In our next interview, you will get a chance to hear from Luca Jakab, the proud owner of ArtConsious — a London based startup, which is an online marketplace and knowledge hub for art lovers and collectors. She believes that women have the same opportunities as men within the sphere of startups, and if they use the right soft-skills they can become successful CEO’s.
Please Introduce yourself and your startup
I live in London since 2013, and I am a qualified cultural manager. It was my dream for a very long time to create such an online platform that can connect and represent multiple creative artists and venues, and through which modern art and design trends can be interpreted more easily. Currently, I am working on a new project named ArtConsious. It is an online marketplace and knowledge hub through which artists can introduce themselves to an international market. The site concentrates on the Central-Eastern-European region.
What gave you the idea to create this startup? What was the motivation?
The first time I came across online art-trade was in London. I felt that digitalization and online solutions can boost awareness and help the development of (yet) undiscovered markets, such as the Hungarian one. I have previously managed online galleries in London, and ArtConsious will be a more complex version of these.
Were you not scared to start your company all ‘on your own’ as being ‘just a woman’?
I never had a doubt about women not being capable of things that men are… I was raised and educated by the fact that men and women are equal. Within my family, there are several women who are successful and at the same time independent, so it never really occurred to me as a question if I am capable or not. There were some — mostly Hungarian — women who tried to ‘protect’ me from this project, but within the business world of startups, I never needed to face any hardships. Probably if you would ask me about my experiences in catering I would have a completely different opinion.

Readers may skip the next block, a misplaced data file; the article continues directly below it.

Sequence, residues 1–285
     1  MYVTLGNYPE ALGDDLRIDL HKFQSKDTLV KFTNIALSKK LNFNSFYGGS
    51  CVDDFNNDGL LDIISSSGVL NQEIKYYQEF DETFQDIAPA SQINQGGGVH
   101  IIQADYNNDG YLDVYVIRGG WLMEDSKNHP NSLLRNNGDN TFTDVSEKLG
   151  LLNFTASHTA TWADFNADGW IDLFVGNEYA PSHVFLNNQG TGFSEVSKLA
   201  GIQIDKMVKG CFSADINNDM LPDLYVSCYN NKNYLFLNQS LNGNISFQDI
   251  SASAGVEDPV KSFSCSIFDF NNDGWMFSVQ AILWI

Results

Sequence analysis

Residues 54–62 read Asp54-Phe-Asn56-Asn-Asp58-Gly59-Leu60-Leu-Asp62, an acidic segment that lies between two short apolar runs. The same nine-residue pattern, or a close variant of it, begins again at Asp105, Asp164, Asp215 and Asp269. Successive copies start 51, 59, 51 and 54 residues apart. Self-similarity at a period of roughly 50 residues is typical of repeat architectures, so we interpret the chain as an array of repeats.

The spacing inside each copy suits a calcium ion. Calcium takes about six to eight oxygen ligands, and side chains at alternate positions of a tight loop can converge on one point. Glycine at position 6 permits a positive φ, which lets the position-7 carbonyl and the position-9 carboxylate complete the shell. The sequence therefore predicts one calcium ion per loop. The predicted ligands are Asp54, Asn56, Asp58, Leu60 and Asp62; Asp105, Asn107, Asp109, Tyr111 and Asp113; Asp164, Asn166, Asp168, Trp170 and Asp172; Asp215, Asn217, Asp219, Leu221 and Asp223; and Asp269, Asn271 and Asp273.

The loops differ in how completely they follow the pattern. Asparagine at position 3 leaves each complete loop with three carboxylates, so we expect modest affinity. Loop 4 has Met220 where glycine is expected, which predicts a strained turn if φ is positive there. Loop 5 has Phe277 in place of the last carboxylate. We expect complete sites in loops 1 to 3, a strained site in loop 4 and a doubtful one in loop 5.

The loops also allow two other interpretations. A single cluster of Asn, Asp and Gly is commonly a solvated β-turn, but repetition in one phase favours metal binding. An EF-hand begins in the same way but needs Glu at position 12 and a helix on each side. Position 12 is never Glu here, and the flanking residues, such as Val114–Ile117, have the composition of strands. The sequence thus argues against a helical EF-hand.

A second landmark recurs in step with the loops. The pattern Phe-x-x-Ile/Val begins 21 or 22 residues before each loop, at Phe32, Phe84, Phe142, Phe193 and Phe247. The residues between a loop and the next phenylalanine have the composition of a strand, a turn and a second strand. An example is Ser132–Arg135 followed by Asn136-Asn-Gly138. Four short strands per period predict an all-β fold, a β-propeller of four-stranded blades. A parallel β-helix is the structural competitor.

What type of obstacles did you come across in the beginning? Do you think they would have been easier to fight if you were a man?
I would not say that these obstacles occurred just because of my gender. I see it day by day that other startuppers regardless of their sex, must face the exact same problems as I do. These are mainly because of external factors (the amount of funds you can access, bureaucracy, technical difficulties) and on the other hand the inner doubts (Am I good enough? Is the idea great enough for the market? Is it possible to develop it fast enough?). I would even dare to say that women are in a better situation since they are more likely to ask for help when they need it and they are not scared to speak about their problems. In my opinion, it isolates men and makes it even harder for them to develop, because most of them are not open about these things.
What do you think, are the positive aspects of a woman being a Startupper?
Based on international surveys we can state that women’s strengths compared to men are the following: women are better at listening and paying attention to others and their problems. Based on my opinion: they tend to collaborate more, they are less competitive, have less preconceptions and are more open to their surroundings, both emotionally and intellectually.